(http://expressmilwaukee.com/article-permalink-21884.html) When The Revolutionary Army of the Infant Jesus turned up in the late-’80s Liverpool underground with The Gift of Tears, the critical lexicon to describe their sound didn’t quite exist. European folk influences are infused by Eastern Orthodox spirituality, industrial cacophony, disco beats, post-punk angularity and jazz rhythms. A quarter century later, we know RAIJ can be at least loosely associated with the apocalyptic folk movement of acts such as Current 93, Death In June, Dead Can Dance, Caroliner and Wovenhand.
But RAIJ reside even on the perimeter of that fold, not only for the imagery they invoke, but the enigma lying at their heart: no personnel listings, limited edition releases, not exactly reams to be read about them on the web and the way their disparate sound coheres over the course of an album as an enveloping, immersive experience transporting the listener to an alternate reality, where plainsong and operatic flights of vocal fancy met tribal drums, didgeridoo and some of the harshest of synth sounds.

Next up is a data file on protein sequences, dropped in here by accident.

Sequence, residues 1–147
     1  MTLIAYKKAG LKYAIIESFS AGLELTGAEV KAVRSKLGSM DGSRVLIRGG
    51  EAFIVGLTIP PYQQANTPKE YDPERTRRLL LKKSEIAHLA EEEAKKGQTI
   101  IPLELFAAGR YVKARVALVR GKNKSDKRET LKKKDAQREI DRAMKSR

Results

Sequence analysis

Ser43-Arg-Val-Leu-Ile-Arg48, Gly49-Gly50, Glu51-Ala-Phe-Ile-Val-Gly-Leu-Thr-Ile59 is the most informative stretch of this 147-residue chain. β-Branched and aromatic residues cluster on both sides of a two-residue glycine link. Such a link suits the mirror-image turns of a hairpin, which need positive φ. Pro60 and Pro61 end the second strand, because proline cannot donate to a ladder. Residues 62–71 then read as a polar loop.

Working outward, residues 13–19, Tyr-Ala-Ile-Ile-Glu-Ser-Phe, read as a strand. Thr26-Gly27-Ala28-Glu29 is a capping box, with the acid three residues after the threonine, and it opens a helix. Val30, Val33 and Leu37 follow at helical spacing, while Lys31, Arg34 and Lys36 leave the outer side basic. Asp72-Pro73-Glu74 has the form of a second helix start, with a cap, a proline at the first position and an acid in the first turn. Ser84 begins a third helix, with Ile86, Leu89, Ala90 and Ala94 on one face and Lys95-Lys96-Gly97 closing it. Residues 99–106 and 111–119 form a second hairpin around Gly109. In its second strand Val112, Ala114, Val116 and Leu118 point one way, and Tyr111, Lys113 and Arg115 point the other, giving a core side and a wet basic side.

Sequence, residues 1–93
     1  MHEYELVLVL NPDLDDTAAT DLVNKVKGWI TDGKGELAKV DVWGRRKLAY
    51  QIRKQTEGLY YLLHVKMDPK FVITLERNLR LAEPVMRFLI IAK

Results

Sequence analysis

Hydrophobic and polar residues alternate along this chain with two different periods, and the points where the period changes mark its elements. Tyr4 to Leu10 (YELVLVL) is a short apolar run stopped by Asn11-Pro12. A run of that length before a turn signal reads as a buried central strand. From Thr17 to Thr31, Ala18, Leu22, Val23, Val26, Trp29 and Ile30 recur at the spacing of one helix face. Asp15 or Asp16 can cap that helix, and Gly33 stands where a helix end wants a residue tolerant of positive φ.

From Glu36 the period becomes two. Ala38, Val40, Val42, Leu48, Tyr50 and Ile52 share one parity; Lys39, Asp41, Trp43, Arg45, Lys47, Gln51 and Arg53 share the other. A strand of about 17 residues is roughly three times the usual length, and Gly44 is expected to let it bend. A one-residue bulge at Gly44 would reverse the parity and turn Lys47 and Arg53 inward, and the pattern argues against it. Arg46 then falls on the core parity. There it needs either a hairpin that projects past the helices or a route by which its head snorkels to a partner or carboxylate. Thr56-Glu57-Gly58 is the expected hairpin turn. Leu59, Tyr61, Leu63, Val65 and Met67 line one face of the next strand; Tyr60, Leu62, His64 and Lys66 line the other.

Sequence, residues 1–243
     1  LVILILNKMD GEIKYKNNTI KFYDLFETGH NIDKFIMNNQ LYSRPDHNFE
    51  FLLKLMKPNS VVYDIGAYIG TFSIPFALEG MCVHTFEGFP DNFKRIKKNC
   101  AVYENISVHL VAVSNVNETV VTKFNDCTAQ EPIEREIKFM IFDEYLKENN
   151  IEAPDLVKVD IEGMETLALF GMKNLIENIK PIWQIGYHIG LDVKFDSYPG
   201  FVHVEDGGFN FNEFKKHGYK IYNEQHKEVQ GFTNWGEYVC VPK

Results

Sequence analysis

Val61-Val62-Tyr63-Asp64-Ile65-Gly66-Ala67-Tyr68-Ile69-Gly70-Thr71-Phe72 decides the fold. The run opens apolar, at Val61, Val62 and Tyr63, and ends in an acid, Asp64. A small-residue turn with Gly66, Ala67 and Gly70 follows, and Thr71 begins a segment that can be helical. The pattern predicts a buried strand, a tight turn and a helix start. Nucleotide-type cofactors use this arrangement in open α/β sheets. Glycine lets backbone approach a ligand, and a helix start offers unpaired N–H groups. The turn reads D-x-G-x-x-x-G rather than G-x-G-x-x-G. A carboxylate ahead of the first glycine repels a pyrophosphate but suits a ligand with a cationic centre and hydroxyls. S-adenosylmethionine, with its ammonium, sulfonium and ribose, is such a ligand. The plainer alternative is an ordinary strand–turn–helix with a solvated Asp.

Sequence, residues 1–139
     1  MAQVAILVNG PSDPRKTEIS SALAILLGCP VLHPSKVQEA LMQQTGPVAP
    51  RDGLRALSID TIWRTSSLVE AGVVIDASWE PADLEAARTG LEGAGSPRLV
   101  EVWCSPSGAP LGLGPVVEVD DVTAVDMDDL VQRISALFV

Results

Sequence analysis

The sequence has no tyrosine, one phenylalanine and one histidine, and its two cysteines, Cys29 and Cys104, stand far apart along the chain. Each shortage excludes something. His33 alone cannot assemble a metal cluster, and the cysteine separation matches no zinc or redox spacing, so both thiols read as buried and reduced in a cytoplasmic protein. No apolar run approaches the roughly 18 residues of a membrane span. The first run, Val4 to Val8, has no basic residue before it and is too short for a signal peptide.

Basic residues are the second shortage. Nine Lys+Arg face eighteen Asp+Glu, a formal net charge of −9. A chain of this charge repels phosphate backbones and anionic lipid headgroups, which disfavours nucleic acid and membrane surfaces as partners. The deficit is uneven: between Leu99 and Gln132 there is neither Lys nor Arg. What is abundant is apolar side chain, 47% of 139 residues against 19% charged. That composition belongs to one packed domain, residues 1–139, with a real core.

After The End’s three CDs collect Gift and everything else RAIJ studio recorded (including two new tracks) in packaging handsome enough to pass for a Harmonia Mundi compilation of pre-Baroque classical music. The only things that might have made this more wonderful would have been lyrics, reminiscences from the Army themselves, a longer booklet essay and a video of at least one of their rare, multimedia-abetted concerts. But any more than what’s here might dissipate the mystery that’s always been a goodly percentage of The Revolutionary Army of the Infant Jesus raison d’être.